On June 30, a temporary, appointed Iraqi government will assume what the Bush administration now calls "limited sovereignty” over a country still policed by troops under foreign command. The six-month period during which that interim caretaker government, outlined Wednesday at the United Nations Security Council by special envoy Lakhdar Brahimi, will have nominal control of Iraq may well prove to be the most precarious of the entire Iraqi venture. A weak government that lacks popular legitimacy will attempt to exercise authority over a restive country bristling with militias, all while picking its way through the minefield that will be its relationship with the United States.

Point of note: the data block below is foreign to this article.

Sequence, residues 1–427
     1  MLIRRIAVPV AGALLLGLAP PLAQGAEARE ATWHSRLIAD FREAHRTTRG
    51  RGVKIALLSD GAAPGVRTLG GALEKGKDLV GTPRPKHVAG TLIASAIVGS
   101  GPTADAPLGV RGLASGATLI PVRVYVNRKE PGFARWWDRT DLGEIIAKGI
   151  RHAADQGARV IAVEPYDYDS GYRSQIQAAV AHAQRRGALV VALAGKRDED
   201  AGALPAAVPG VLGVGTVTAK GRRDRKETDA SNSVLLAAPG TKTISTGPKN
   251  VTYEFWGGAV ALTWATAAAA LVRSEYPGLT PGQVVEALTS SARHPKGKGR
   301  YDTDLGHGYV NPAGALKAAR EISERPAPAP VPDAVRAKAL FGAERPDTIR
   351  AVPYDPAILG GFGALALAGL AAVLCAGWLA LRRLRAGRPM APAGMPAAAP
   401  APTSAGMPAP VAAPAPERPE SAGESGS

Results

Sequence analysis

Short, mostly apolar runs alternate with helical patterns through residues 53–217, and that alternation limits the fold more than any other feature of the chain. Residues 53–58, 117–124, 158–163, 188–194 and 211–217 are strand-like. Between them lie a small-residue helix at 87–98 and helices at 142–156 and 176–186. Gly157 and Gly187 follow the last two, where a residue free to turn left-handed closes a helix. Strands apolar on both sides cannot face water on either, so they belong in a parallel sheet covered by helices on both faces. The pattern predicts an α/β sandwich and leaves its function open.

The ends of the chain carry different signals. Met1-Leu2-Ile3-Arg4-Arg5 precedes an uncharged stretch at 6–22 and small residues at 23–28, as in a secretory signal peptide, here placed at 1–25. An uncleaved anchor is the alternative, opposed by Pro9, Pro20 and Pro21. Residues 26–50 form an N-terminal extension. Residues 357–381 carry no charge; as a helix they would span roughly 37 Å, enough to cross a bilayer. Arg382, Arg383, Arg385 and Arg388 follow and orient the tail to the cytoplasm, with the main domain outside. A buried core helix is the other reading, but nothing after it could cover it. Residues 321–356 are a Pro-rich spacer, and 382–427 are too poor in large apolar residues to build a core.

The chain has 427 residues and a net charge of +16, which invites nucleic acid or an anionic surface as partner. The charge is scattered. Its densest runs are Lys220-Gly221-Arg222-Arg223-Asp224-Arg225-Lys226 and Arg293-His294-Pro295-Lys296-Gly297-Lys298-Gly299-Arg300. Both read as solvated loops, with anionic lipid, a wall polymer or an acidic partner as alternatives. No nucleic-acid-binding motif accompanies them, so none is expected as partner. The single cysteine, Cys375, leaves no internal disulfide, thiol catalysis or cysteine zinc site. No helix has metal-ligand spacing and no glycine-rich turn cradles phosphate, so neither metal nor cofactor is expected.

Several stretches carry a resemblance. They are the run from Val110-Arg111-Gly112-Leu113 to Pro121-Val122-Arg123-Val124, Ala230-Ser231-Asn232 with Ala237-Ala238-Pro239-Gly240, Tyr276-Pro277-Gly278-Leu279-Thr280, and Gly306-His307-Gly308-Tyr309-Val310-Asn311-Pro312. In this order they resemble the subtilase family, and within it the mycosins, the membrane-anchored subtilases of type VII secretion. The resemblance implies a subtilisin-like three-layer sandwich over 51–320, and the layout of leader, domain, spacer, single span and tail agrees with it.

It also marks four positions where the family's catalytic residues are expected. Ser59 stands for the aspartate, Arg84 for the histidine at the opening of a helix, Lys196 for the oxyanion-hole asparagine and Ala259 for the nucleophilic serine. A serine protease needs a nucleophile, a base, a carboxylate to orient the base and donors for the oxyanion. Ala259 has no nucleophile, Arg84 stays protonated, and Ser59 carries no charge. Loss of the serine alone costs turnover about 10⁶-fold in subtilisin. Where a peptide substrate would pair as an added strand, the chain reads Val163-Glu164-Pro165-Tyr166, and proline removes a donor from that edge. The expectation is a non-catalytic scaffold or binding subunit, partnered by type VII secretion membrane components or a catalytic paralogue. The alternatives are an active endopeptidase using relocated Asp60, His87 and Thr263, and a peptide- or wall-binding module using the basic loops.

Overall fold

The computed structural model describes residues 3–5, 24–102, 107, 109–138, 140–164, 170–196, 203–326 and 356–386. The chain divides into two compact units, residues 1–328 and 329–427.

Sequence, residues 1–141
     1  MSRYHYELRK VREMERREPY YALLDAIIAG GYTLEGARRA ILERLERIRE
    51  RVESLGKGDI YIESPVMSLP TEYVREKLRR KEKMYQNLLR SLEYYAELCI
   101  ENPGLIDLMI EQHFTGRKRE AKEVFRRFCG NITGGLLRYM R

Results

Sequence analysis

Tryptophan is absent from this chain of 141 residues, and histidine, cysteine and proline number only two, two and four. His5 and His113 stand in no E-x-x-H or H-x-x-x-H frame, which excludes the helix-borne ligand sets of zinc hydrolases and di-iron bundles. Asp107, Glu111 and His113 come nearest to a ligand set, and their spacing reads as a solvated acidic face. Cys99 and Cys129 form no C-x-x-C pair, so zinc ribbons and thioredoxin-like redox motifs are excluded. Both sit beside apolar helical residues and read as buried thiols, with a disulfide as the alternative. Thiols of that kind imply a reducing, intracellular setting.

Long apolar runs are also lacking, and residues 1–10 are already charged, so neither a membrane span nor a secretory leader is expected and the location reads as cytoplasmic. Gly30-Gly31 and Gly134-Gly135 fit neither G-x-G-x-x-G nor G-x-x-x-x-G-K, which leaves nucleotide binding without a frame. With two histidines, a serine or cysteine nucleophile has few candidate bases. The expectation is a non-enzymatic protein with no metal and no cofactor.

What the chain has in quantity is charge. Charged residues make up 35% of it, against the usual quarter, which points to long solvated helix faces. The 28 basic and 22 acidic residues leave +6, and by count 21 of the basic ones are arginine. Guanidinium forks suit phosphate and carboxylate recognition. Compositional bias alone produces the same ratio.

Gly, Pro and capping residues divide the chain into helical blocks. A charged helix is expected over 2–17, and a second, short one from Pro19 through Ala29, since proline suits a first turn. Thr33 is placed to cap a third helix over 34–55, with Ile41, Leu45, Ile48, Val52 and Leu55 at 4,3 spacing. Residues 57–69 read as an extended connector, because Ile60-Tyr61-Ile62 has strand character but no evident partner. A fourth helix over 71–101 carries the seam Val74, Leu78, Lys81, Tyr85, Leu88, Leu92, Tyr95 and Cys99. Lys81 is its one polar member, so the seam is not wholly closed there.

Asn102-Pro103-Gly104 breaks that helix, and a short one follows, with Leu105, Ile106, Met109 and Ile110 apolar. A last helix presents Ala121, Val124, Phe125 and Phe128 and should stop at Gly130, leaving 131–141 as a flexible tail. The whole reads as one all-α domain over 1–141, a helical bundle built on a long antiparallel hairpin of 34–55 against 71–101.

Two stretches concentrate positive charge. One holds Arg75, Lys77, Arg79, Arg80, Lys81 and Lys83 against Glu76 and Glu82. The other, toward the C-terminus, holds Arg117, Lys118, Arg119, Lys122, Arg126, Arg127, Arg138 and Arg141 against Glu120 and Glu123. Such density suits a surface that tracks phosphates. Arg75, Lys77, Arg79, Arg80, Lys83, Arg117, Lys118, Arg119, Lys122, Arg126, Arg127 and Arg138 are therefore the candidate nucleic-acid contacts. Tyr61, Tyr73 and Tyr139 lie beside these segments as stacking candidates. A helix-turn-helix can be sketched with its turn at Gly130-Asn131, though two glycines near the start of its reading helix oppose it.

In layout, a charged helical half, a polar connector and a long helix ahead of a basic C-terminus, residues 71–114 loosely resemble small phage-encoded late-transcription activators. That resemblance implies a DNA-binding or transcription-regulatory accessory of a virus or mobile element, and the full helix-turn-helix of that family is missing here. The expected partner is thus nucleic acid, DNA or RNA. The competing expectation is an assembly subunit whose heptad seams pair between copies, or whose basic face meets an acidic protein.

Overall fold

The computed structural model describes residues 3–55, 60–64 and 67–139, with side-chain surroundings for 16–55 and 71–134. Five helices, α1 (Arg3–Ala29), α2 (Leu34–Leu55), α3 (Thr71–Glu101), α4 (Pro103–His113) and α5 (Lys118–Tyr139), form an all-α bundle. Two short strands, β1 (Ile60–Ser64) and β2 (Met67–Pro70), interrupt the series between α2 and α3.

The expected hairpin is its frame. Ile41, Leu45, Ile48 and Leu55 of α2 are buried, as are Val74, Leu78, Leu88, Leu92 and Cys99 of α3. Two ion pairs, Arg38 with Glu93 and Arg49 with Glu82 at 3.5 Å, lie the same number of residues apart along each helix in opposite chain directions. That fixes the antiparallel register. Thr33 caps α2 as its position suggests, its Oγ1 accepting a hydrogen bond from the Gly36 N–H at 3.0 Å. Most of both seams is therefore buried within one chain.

The Sorrows of Empire: Militarism, Secrecy, and the End of the Republic By Chalmers Johnson, Metropolitan Books, 400 pages, $25.00
America Unbound: The Bush Revolution in Foreign Policy By Ivo H. Daalder and James M. Lindsay, The Brookings Institution, 246 pages, $22.95
President George W. Bush's foreign policy has been nothing if not polarizing. Nearly all the Democratic primary candidates were able to throw darts at it in their stump speeches to cheers of approval. The front tables of urban bookstores teem with anti-Bush manifestos, and no end of exposés on the administration's mendacity circulate through networks of protesters over the Web.